People, this isn't rocket science! But it is amazing how often the good, grey lady misses the point on some fundamental issues about money. I've got a case in point this morning, but first a bit of background. Here's a classic script: the debtor/defendant is a bad guy. He has hundreds, maybe thousands, of claims outstanding against him. He doesn't have--never will have--enough money to pay them all. How to divvy up the swag? There are really only two choices: one "race to the courthouse," where all the money goes to the folks who are first in the queue, and the rest get left empty handed. The other is that you orchestrate the claims and make everybody share the pain--also known as "pennies on the dollar."
The key point here is that "there isn't enough to go around." It's a fact of life down at the bankruptcy court. We've seen the script played out in countless mass tort cases over the years, going back at least as far as Johns-Manville, the first of the asbestosis cases back in 1982.
Most serious people get the point now, but word seems not to have filtered through to The New York Times, which succeed in missing it this morning, in an affecting story about a befuddled old guy who drops all his stash on what sounds like a routine securities fraud.
The premise of the story is that there are two competing routes to compensation in his case: one a securities arbitration where he stands to collect maybe as much as half a million. The other is a class action lawsuit, where he might get (per the Times) "around 10 cents on the dollar."
The Times says that the issue is one of "legal wrangling;" it adds that "arbitration is the preferred route for many investors" (that last, incidentally, will as a surprise to all those who believe that arbitration is a malignant weapon of the securities industry, designed to rob them of their day in court). The Times adds: "[T]he class action lawyers...argue that the arbitration claims could threaten the financial position of [the defendant]." Well hey--if (as seems likely) the defendant doesn't have money enough to pay all just claims, then of course the arbitration awards would create a problem. Then again, so would the class action. Either way, it sounds as if one day the cupboard will be bare. The real fight here is not creditor v. debtor; it is creditor v. creditor, jockeying for shares of a limited resource.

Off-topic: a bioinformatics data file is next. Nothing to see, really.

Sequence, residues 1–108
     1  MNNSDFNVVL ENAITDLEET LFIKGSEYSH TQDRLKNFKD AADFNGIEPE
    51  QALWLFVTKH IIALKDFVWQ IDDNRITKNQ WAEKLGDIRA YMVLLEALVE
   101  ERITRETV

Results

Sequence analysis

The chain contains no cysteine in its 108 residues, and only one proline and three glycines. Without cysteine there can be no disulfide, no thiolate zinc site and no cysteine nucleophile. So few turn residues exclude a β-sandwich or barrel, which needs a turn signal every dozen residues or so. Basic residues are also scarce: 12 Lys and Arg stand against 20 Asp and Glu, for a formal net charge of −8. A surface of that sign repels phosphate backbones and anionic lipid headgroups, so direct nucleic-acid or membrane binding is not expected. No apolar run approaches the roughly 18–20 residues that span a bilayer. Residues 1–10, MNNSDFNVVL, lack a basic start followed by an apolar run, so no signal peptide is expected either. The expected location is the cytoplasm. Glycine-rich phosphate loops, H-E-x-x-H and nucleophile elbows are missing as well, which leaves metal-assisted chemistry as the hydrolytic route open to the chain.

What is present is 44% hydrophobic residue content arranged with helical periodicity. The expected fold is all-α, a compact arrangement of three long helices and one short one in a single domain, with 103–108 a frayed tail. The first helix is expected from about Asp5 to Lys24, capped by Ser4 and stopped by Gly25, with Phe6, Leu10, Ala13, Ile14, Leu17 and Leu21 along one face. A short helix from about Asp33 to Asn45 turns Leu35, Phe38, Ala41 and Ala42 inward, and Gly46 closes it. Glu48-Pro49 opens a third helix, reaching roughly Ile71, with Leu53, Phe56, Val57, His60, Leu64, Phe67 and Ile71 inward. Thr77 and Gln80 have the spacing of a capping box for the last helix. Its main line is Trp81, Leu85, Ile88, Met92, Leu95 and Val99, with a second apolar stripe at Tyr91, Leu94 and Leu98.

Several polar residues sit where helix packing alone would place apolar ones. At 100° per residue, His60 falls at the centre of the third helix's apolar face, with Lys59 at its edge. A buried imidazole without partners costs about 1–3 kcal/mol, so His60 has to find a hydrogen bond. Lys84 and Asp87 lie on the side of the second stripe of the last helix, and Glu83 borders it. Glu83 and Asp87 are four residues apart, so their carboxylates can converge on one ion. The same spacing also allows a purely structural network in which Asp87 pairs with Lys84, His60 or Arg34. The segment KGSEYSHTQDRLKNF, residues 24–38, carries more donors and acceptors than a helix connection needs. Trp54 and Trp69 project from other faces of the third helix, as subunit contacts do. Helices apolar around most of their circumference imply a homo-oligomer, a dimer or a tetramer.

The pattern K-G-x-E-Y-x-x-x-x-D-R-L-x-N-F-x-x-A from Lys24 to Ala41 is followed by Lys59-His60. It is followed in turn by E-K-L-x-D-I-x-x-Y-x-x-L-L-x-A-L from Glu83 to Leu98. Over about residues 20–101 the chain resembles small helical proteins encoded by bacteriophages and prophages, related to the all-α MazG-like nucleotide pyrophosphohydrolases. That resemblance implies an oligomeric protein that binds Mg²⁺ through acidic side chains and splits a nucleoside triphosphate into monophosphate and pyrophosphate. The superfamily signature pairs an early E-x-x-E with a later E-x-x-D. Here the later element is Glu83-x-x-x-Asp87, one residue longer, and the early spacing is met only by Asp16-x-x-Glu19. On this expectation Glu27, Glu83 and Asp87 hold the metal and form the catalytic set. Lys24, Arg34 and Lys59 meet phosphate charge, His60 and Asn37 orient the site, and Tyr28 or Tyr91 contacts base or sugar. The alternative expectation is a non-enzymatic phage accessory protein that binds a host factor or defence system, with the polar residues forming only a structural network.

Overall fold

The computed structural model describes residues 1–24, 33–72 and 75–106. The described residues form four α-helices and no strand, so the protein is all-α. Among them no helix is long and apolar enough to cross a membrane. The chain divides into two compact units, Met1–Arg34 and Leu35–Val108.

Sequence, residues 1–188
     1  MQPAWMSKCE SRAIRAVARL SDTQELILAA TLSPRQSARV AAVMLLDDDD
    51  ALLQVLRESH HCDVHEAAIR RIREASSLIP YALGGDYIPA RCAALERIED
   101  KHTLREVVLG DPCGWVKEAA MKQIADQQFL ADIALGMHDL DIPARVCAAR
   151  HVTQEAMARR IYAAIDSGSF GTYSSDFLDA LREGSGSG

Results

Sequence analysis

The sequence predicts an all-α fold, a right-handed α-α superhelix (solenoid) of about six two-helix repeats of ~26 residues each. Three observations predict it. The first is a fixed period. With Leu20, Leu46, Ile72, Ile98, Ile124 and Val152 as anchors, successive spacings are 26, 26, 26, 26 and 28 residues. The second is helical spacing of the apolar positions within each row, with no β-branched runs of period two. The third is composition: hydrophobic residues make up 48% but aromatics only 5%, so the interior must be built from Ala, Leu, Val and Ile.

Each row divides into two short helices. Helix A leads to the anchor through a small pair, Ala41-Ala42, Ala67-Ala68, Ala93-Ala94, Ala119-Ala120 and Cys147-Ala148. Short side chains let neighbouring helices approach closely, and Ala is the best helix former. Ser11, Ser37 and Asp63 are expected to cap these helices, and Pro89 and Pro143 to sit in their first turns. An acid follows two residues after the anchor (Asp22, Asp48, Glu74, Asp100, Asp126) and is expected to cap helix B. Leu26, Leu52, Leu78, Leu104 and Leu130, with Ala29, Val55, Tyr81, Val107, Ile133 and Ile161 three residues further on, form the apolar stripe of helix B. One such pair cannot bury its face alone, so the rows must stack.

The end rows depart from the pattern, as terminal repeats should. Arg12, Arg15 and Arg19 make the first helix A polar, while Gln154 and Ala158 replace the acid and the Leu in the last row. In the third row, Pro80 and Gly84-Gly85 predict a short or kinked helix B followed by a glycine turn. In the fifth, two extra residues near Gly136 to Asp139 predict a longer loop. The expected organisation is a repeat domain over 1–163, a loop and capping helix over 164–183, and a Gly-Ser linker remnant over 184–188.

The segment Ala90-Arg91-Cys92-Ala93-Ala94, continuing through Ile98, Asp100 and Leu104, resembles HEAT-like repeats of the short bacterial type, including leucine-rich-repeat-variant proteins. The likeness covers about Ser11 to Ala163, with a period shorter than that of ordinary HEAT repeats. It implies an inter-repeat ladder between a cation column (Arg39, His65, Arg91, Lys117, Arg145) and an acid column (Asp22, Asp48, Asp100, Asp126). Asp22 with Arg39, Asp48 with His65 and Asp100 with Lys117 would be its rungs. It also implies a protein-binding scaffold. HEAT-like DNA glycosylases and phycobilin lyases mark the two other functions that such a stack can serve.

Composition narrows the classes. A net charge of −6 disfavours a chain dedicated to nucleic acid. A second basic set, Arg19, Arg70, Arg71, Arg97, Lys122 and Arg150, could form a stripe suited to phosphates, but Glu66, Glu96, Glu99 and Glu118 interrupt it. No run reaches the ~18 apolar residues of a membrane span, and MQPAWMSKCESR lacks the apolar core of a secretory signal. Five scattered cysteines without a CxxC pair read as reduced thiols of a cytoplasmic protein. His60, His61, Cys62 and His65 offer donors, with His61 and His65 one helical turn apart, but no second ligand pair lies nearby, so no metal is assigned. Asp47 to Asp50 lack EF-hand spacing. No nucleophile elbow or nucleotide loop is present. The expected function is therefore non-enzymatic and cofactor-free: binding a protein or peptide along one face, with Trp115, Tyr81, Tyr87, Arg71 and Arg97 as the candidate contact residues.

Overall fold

[I'd also quarrel with the reporter's assertion that the arbitrations could threaten the financial position of the company. For aught that appears, these claims need not affect the company at all--though they might wipe out the owners of the company--the shareholders who, by definition, stand last in line. Indeed if the shareholders are truly looking at nothing, then one way to move this case along is for the shareholders just to toss the keys on the table and let the creditors sort it out. If the company is viable, then the creditors have a powerful motive to keep it alive; the difference is only that now they are owners.]
There's a second issue which argues in favor of the class action but for a different reason. That is, evidently the class action proponents think they have a shot at reaching past the debtor-corporation itself and dipping into the pockets of some deep-pocket parent company. Evidently there is no device by which an arbitration creditor could do that. Well, terrific, but if so that means more money for the injured investors, not less.
I say that bankruptcy lawyers see this kind of thing all the time. Strictly speaking, we don't have a bankruptcy here--we have a class action. But for present purposes, a bankruptcy is a kind of class action--or, if you prefer, a class action is a kind of bankruptcy. I'm not even saying this case should be in bankruptcy. It is just possible that bankruptcy might provide the creditors with better weapons than they have outside, but it is at least debatable, and in any event, at this stage it probably isn't worth the extra legal hassle. But it would be nice if somebody at the Times could (have) figure(d) out what this fight is really about.